When thinking of airports in Chicago, O’Hare and Midway are likely the ones that come to mind. But there was once a regional and general aviation airport in downtown Chicago, only minutes away from the Central Business District. The airport was loved by aviation enthusiasts, business travelers, and presidents alike. But one fine day in 2003, the airport came to an abrupt closure. Here’s the story of Chicago’s Meigs Field Airport.
Location, location, location
Meigs Field first began operation in September 1948, following two years of construction after World War 2. The airport is named after Merill Church Meigs, a noted aviation advocate and the publisher of the Chicago Herald and Examiner.
Soon after its opening, the airport became popular thanks to its prime location on Northerly Island, just adjacent to downtown Chicago. Meigs Field was home to dozens of general aviation aircraft, corporate jets, and some passenger services. Travelers could move from the city center to the airport in well under an hour, beating out the distance to O’Hare and Midway.
By the 1980s, the airport opened to commercial passenger flights as well. The expanded single runway at the airport was 3,900 feet, easily allowing regional aircraft like the de Havilland Canada DHC-6, Beechcraft 1900C and Model 99, and others. Airlines operating to Meigs Field included Air Illinois, United Express, Trans State Airlines (a subsidiary of Trans World Airlines), and other regional carriers.
Notably, President John F. Kennedy would fly into O’Hare in Air Force One before stepping onto Marine One and landing in Meigs Field, allowing less disruption to highways due to the Presidential motorcade.
Seeing the airport’s popularity would make sense to keep it open as a secondary hub closer to the city (such as DCA in Washington). However, the 1990s saw the beginning of an abrupt end for the airport.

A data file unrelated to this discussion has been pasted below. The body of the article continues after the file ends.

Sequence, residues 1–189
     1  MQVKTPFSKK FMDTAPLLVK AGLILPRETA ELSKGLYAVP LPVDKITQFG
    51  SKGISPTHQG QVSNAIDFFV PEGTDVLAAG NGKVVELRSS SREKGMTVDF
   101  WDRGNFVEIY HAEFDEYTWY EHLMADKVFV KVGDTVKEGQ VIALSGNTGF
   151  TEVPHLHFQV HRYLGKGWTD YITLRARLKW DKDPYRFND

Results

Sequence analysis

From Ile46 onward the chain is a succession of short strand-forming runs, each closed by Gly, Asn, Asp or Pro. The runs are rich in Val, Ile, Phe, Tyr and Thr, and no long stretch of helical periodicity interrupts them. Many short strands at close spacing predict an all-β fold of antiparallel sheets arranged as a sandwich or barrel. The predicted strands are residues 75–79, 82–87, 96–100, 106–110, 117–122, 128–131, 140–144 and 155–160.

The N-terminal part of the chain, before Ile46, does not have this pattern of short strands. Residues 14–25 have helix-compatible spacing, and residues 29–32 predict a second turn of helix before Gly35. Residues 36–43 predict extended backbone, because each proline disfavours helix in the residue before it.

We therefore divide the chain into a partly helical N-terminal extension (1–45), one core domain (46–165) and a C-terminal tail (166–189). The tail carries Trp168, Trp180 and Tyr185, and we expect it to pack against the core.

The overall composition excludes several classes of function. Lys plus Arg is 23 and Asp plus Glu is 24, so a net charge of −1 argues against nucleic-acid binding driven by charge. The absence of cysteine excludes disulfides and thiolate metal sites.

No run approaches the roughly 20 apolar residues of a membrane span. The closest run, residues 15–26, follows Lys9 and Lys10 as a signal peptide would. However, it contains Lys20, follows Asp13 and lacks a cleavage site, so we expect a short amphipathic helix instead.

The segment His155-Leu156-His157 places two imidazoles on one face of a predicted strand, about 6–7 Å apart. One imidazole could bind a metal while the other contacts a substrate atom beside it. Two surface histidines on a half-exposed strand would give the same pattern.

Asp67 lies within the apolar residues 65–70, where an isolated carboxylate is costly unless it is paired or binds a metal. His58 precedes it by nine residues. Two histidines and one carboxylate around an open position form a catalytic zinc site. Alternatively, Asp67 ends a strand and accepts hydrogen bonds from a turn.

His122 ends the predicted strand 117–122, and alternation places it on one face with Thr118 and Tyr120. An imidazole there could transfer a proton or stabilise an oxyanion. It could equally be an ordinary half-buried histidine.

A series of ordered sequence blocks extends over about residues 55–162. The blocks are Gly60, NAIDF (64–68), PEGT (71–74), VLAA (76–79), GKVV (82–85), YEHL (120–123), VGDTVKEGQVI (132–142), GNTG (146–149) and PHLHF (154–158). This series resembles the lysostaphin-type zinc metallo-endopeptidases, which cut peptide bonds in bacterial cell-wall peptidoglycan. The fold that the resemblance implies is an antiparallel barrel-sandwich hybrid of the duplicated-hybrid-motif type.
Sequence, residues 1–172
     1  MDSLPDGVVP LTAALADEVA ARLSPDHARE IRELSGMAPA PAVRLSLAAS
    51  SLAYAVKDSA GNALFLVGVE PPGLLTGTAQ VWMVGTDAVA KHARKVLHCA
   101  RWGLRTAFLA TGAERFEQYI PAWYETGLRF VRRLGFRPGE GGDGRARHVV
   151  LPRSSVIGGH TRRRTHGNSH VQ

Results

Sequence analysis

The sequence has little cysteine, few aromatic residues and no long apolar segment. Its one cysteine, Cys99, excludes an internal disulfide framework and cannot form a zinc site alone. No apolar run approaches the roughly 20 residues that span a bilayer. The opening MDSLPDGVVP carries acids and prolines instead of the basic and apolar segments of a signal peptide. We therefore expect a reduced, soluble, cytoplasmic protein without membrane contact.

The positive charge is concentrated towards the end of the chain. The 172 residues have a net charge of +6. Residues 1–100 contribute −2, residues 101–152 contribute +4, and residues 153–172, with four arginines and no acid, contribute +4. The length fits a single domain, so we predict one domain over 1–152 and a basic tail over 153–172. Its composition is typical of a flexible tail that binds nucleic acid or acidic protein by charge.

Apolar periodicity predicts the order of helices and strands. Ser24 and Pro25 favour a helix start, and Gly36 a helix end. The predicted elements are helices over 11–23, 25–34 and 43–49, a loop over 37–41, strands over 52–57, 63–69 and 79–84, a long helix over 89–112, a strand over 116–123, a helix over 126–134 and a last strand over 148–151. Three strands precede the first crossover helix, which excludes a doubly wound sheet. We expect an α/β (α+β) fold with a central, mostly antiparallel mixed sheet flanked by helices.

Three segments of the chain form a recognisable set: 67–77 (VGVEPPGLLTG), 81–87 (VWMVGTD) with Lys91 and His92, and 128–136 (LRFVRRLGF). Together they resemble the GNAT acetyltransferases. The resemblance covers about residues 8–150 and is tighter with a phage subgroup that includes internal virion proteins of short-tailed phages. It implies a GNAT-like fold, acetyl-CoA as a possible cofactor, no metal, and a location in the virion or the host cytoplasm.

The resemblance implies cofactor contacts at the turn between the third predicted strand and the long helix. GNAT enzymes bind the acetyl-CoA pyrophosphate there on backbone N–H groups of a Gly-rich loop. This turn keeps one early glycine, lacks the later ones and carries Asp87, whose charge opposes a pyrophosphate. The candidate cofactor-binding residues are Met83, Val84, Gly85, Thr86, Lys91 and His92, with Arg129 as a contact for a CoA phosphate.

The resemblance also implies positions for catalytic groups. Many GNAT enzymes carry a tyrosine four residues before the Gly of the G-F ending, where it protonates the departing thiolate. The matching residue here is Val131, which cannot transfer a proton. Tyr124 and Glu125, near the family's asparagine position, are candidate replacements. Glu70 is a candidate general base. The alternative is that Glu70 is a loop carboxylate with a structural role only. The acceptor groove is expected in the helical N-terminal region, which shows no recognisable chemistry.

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In 1994, Chicago Mayor Richard Daley announced that Meigs Field would shut down operations and make way for a new park on Northerly Island. In 1996, the Chicago Park District, which owned the land, refused to renew the lease for Meigs Fields and threw the airport into crisis over its future.
Following closure from October 1996 to February 1997, pressure from the state legislature forced the airport to reopen, and in 2001 a deal was reached to renew the airport for 25 years. However, the deal reached complications and never passed the US Senate, once again throwing the airport’s future into jeopardy.
The airport continued operating after 2001, but on March 30th, 2003, Mayor Richard Daley took a shocking decision. Overnight, he ordered crews to bulldoze Meigs Field’s runway and make X-shaped gouges on the tarmac to ensure no flights could operate. The decision left dozens of aircraft stranded at the airport since it was still in operation the day before.
Mayor Daley was rebuked by the FAA and ordered to pay a fine of $33,000, the maximum penalty at the time, for failing to give a 30-day notice before shutting down the airport.
However, the demolition ensured that Meigs Field would end operations for good and was subsequently converted into a park. Since then, there have been attempts to reopen the airport, but for the most part, it seems to be destined to remain a park.
Did you ever have the chance to see this unique airport? Let us know your thoughts in the comments below!